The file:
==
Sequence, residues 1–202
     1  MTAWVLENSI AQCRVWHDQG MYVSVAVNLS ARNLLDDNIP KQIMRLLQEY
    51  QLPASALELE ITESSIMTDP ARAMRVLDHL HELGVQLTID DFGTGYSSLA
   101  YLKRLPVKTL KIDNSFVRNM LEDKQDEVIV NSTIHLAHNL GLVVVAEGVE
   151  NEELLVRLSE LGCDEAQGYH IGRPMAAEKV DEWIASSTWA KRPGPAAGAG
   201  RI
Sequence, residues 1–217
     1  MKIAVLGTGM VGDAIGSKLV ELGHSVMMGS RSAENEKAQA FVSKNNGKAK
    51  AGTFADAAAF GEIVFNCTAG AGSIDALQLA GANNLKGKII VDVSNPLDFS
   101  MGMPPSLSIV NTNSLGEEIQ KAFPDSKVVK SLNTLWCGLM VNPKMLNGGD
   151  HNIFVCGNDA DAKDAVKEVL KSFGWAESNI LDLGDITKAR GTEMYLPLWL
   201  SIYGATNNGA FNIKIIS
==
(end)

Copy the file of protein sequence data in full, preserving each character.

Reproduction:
Sequence, residues 1–202
     1  MTAWVLENSI AQCRVWHDQG MYVSVAVNLS ARNLLDDNIP KQIMRLLQEY
    51  QLPASALELE ITESSIMTDP ARAMRVLDHL HELGVQLTID DFGTGYSSLA
   101  YLKRLPVKTL KIDNSFVRNM LEDKQDEVIV NSTIHLAHNL GLVVVAEGVE
   151  NEELLVRLSE LGCDEAQGYH IGRPMAAEKV DEWIASSTWA KRPGPAAGAG
   201  RI
Sequence, residues 1–217
     1  MKIAVLGTGM VGDAIGSKLV ELGHSVMMGS RSAENEKAQA FVSKNNGKAK
    51  AGTFADAAAF GEIVFNCTAG AGSIDALQLA GANNLKGKII VDVSNPLDFS
   101  MGMPPSLSIV NTNSLGEEIQ KAFPDSKVVK SLNTLWCGLM VNPKMLNGGD
   151  HNIFVCGNDA DAKDAVKEVL KSFGWAESNI LDLGDITKAR GTEMYLPLWL
   201  SIYGATNNGA FNIKIIS